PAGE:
Black History Month 2023

1940 1941 1942

31 Herbert Hoover | 32 Franklin D. Roosevelt | 33 Harry S Truman

Redemption Jim Crow Black Power

1941-1970
Second Great Migration



United States - Hundreds of thousands of Black Americans moved from the South, due to war and the post-War boom.

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February 23, 1941
Amos Wilson Born



Hattiesburg, Mississippi - Amos Wilson was a Black American psychologist, social theorist, scholar, and author. Wilson was a professor of psychology at the City University of New York.

Wilson was a key voice on the condition of Black Americans in a white-dominated society, during the late 1980s, until his death in 1995.

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April 28, 1941
Jim Crow Upheld on Trains



Washington, D. C. - The United States Supreme Court upheld race based segregation of passengers on trains (Mitchell v. United States). Arthur Wergs Mitchell was the plaintiff. He was the first Black American Congressman, to win as a Democrat.

On the evening of April 20th, 1937, Mitchell traveled on a train in 1st class, from Chicago. As the train passed through Arkansas, the conductor moved Mitchell to the colored car. Mitchell objected. The conductor threatened him with arrest, if he didn't move.

Mitchell moved to the colored car. He filed suit. The case went to the United States Supreme Court. The decision required interstate trains to provide the same segregated service to both Black American and white customers.

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June 25, 1941
Racism in the War Industry



Washington, D. C. - The 'Prohibition of Discrimination in the Defense Industry' was signed. It was Executive Order 8802.

President Franklin D. Roosevelt issued this order. It was meant to stop a planned march on Washington, by Black Americans. The march was planned for the following week.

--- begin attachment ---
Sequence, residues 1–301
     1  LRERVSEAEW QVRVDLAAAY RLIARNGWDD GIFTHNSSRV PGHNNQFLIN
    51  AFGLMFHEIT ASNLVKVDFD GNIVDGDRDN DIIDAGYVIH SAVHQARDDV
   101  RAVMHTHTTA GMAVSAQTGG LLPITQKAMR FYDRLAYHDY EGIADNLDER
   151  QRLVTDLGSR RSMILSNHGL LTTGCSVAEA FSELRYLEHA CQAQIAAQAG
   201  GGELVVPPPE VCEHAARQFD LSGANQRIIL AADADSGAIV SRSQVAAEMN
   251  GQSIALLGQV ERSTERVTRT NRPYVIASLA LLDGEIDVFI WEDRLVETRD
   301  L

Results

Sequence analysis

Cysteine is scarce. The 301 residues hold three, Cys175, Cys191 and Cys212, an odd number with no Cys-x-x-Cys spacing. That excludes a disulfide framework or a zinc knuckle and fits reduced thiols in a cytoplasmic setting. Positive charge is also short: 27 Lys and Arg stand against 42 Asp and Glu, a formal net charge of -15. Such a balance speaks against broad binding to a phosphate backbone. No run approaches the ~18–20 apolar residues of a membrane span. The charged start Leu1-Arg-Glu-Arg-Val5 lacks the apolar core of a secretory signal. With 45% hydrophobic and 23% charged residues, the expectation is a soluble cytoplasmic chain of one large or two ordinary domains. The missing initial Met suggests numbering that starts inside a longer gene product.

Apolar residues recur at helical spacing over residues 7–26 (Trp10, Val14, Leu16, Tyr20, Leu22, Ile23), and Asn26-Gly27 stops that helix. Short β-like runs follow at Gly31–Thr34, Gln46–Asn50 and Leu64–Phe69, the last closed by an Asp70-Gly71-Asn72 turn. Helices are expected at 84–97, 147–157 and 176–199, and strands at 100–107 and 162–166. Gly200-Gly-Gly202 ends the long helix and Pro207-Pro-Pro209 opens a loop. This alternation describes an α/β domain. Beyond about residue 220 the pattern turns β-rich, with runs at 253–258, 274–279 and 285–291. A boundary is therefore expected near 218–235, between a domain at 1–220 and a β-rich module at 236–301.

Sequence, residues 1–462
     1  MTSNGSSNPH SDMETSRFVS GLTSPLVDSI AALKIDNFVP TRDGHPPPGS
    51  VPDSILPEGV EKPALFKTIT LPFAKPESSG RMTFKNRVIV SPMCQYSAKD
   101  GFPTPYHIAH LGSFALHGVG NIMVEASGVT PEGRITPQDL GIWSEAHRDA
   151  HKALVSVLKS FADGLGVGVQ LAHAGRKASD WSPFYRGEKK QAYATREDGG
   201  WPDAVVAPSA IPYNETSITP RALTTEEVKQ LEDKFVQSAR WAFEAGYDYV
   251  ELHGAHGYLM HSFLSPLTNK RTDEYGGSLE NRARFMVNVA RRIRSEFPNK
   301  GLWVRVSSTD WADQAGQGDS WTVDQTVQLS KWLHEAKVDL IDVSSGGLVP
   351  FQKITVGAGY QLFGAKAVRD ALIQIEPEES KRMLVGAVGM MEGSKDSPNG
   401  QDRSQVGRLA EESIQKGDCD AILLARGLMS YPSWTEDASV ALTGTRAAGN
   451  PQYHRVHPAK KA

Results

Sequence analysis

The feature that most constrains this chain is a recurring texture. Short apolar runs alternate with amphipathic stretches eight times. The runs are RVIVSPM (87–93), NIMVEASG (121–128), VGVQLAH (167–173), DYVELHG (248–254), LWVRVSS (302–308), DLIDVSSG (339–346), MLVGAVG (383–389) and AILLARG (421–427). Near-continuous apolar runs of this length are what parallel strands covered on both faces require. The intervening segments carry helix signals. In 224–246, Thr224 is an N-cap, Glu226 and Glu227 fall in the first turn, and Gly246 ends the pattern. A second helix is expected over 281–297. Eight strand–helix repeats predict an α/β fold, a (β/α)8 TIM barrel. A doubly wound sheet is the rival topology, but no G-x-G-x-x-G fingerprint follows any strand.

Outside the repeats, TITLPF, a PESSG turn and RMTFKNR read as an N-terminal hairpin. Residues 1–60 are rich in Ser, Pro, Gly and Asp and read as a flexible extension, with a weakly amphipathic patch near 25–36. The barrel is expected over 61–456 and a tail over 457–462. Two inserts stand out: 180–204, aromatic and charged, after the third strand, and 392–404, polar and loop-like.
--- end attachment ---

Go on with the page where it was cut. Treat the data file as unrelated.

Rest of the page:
A. Phillip Randolph planned the March on Washington Movement (MOWM), for July 1st, 1941. 100,000 Black Americans were to attend. After Order 8802 was issued, Randolph stopped the march.

The Order said racial bias was not allowed in the war business. It had little power. On May 27th, 1943, Executive Order 9346 replaced Order 8802 and 8823, with much more Presidential power.

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December 7, 1941
Doris Miller's Heroics at Pearl Harbor



Pearl Harbor, Hawaii - During the Japanese attack on Pearl Harbor, Doris Miller shot down several enemy fighters and helped wounded sailors. He served, as a cook, on the battleship West Virginia, which was sunk in the attack.

Miller had no training on the anti-aircraft gun he used. Many of the white sailors fled, which gave him the chance to use the gun. For his actions, he was given the Navy Cross. It was the first time it was given to a Black American.

The United States Navy tried to hide Miller's feats. The Black American newspaper, the Pittsburgh Courier learned of an unnamed Black American man who was to get a commendation. Lawrence D. Reddick found his name after many attempts to get it from the Navy. After pressure from Black Americans, the Navy finally gave Miller the credit he deserved.

After his heroics, Miller was raised to mess attendant. The Pittsburgh Courier said Miller should be taken out of the war and used to promote war bonds. Instead, the Navy sent him to the South Pacific. The ship where he served, was sunk by a Japanese submarine. Miller died in the attack, November 24, 1943.

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December 12, 1941
Circular 3591 - Slavery Made Illegal



Washington, D. C. - The United States government decided to criminally prosecute cases of slavery. This included debt peonage, and other forms of involuntary servitude. This did not include imprisonment.

White prosecutors avoided slavery cases. Too often, a case was dropped because the prosecutor declined to prosecute. Before this circular, no one was ever convicted for the enslavement of Black Americans.

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